Fighting supervision restrictions
I want to commend RDH for publishing the article in the June issue titled, "House Calls in Oregon." Kelli Swanson Jaecks, RDH, BSDH, gives the rest of us hope for the future, especially those of us who practice in very restrictive states such as North Carolina. Her article detailed the "Limited Access Permit" and providing dental hygiene services to underserved populations that desperately need preventive care. Obviously, her state dental hygiene association worked hard to get legislation that allows hygienists to work in this fashion.
Dental hygienists like Kelli clearly show that we can be part of the answer to the access to care problem that exists. In many states, restrictive supervision laws prohibit dental hygienists from using their skills to help people. It is a sad state of affairs when I, as a veteran dental hygienist, cannot go into a nursing home and clean my own grandmother's teeth, because it's illegal in North Carolina for me to work in any capacity except under direct supervision of a dentist.
We desperately need hygienists in nursing homes! You know what I think? I think legislators get old too and just may need to go to a nursing home at some point. Do you think they might appreciate having help from a qualified individual with their preventive care? Think about it.
Kelli's bio states that she is a member of ADHA and is active in her state and local component. If more hygienists would support their profession by joining ADHA, change would not be so difficult. In North Carolina, there are 4,700 registered hygienists, but only about 600 are members of ADHA. The dental society throws that in our faces when we ask for expanding the scope of practice. They say that we don't speak for the majority of hygienists in North Carolina. Low membership in the professional association is a problem in almost every state.
Kelli, we're proud of you! We need a lot more like you to advance this profession!
To the rest of you I say, quit being a part of the negative stats (those who are not members) and do something positive for you and your profession by joining ADHA. You will make a difference!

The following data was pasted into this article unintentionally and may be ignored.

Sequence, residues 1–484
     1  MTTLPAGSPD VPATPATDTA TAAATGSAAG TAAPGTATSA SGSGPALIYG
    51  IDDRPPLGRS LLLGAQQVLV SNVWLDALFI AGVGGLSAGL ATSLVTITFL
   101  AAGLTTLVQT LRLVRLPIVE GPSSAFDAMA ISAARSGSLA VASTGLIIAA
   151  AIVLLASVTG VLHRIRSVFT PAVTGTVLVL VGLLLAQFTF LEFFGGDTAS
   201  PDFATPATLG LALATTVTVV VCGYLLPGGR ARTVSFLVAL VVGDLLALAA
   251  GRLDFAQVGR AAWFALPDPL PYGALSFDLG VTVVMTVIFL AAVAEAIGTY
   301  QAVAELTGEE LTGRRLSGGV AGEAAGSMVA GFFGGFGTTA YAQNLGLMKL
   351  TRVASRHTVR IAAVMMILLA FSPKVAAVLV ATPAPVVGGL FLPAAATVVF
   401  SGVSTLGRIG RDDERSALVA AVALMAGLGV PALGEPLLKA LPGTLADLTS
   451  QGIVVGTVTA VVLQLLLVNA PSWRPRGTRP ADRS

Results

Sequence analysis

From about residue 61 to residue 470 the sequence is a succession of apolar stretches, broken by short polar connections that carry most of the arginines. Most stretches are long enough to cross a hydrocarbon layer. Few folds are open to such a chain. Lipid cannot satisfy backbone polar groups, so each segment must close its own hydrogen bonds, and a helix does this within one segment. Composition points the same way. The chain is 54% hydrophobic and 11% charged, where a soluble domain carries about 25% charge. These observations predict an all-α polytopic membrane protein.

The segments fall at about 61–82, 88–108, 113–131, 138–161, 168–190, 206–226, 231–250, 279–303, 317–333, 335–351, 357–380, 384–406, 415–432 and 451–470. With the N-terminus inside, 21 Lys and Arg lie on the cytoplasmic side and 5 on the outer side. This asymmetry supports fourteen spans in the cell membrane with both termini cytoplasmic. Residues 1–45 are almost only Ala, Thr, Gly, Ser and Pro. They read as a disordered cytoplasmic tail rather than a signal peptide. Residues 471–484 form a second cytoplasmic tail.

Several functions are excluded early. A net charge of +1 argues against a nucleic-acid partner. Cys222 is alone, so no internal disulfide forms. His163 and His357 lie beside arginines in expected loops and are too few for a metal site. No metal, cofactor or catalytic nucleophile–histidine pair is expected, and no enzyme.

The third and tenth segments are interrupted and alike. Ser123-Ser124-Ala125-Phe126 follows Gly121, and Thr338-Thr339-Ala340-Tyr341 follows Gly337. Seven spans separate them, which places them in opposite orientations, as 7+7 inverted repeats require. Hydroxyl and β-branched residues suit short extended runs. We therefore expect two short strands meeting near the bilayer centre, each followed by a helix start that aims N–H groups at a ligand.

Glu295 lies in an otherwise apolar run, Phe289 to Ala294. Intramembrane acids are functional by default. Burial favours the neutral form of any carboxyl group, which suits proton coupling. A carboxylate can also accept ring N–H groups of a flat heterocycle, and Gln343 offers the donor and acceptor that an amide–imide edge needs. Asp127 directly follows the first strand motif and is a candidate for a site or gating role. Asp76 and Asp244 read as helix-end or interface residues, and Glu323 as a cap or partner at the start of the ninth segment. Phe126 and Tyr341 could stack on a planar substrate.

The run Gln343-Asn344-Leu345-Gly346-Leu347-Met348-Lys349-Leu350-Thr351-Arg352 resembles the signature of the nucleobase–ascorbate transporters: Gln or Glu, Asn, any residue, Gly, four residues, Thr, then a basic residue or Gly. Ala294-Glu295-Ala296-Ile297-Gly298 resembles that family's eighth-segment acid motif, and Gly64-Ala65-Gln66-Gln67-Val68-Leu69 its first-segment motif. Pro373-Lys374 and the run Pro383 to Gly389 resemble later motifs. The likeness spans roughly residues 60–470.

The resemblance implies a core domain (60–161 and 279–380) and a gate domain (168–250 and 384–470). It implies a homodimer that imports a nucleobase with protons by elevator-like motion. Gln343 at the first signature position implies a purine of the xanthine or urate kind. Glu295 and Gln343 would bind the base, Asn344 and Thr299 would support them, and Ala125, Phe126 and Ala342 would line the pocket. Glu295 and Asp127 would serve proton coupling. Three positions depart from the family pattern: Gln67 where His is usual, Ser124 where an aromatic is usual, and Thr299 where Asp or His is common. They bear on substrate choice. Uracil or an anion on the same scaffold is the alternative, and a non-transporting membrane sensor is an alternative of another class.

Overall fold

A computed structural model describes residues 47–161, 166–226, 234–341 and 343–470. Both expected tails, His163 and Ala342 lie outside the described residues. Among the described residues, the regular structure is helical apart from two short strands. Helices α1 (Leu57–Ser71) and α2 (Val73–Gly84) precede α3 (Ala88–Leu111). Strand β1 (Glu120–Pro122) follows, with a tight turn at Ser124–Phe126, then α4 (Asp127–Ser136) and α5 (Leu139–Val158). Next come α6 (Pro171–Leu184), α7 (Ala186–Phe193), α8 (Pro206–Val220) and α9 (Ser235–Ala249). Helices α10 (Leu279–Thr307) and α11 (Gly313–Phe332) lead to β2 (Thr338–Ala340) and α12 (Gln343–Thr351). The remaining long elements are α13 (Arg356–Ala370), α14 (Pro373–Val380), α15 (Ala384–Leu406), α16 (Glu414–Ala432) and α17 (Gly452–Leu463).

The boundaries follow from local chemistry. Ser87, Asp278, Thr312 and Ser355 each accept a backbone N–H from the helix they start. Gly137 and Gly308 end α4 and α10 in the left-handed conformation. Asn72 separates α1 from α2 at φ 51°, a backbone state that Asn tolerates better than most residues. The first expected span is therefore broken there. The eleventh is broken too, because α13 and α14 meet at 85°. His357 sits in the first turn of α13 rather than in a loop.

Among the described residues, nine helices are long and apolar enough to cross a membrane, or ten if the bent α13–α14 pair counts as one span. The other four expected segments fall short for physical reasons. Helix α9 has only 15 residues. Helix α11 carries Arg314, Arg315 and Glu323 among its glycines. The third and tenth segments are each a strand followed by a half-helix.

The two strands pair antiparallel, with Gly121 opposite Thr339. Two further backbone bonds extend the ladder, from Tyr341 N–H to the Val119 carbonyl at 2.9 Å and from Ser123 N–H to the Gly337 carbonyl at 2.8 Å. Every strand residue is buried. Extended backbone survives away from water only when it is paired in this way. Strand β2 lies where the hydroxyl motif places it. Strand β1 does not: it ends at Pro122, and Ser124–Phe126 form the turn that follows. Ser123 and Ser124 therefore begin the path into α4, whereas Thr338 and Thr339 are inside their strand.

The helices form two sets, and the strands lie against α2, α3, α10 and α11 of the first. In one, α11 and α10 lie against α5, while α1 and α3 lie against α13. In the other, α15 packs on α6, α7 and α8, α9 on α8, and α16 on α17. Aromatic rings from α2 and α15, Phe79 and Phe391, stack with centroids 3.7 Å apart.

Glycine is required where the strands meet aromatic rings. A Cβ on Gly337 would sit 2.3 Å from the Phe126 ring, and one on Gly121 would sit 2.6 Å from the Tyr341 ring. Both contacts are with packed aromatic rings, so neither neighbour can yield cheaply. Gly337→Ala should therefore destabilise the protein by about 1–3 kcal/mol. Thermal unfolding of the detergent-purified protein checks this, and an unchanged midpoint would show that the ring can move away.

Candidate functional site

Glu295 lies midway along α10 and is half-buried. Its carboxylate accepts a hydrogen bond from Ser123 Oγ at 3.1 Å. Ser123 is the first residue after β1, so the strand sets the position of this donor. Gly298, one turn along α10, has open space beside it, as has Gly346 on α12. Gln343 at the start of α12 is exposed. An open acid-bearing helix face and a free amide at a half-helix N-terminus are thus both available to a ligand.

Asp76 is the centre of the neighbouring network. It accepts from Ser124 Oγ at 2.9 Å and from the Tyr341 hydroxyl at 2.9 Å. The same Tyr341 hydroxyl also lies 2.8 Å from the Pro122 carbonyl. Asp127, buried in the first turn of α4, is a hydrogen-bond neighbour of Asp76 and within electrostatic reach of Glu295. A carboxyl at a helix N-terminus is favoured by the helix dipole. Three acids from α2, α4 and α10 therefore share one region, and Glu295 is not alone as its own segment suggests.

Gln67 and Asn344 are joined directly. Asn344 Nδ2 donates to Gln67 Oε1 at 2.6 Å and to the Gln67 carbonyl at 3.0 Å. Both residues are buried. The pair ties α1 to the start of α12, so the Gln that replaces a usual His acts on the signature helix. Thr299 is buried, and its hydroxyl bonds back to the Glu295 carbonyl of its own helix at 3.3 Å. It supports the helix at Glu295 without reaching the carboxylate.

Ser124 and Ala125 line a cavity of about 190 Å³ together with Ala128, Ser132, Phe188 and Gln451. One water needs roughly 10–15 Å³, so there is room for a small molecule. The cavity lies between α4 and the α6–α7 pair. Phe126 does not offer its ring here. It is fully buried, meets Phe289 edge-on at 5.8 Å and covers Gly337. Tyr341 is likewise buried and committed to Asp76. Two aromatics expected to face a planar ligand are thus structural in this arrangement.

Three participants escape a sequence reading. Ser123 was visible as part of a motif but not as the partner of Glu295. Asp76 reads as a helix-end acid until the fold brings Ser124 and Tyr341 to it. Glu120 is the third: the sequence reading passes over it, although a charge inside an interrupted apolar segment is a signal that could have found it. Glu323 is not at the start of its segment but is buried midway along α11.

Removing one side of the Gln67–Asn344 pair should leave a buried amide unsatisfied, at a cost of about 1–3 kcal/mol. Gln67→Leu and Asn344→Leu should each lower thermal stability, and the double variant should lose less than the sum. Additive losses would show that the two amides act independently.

Dianne Glasscoe, RDH, BS
President, NCDHA 2003-2004
Lexington, North Carolina
An educator's view of magnification
I am writing in response to an article published in the May 2004 issue of RDH, titled "Zooming: Closing the Information Gap on Magnification," and written by Anne Nugent Guignon, RDH. While the focus of the article was on the benefits of magnification in the clinical practice of dental hygiene, I was disturbed by a few of the remarks made, as well as the tone of the article in reference to dental hygiene educators' perceived opinion of magnification use. In particular, I was concerned with the account of an adjunct faculty member's attempt to incorporate the use of magnification in the evaluation of student performance upon returning to her position following summer break during which time she had been introduced to the technology.
According to the article, the adjunct faculty member was given an ultimatum by the program's director to either discontinue the use of magnification or vacate her position. The reason cited was that magnification gave her an advantage over other faculty members in the student evaluation process. As a dental hygiene adjunct faculty member with 10 years experience, I feel it is imperative that this issue be addressed from a different perspective.
From the information given, I assume that the use of magnification in the grading process had not been integrated into the program's policy and procedures. With that in mind, it appears to be an issue of creating a situation of unfair grading practices as it relates to the students, as well as a disruption in faculty calibration. Fairness in student performance evaluation and calibration of faculty are essential responsibilities of dental hygiene program directors/department chairs. Therefore, it is inappropriate for a faculty member to arbitrarily change the process by incorporating technologies that place students at a disadvantage. Further, it needs to be understood that while the use of magnification may not have been a feasible option during the grading process, its introduction and demonstration to students may have been acceptable. It was the responsibility of the adjunct faculty to know the policies and procedures and act accordingly.
Another issue that often dictates the introduction of new technologies in educational settings is cost. As state budgets have been trimmed over the last few years, a greater burden of the clinical operating expenses has been placed on students. An additional large expenditure, such as magnification, may not be feasible for the students or for the strapped budget of the institution.